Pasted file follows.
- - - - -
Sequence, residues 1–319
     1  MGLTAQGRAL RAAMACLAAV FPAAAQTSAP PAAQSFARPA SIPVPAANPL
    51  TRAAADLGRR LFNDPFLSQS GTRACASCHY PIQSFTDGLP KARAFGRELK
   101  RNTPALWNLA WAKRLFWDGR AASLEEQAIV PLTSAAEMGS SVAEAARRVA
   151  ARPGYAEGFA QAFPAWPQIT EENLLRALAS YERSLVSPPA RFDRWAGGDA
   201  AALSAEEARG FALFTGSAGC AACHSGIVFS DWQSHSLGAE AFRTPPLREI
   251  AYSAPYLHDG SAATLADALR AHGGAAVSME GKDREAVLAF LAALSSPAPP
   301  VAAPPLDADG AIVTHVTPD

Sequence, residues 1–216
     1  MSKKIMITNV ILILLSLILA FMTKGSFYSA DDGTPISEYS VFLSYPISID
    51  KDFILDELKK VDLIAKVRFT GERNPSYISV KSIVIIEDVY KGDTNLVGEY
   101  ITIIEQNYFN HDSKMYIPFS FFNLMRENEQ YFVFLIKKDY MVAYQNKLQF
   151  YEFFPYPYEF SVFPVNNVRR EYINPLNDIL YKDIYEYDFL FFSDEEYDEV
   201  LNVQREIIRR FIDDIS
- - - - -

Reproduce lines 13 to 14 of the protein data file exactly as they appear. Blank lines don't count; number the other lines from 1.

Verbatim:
   151  YEFFPYPYEF SVFPVNNVRR EYINPLNDIL YKDIYEYDFL FFSDEEYDEV
   201  LNVQREIIRR FIDDIS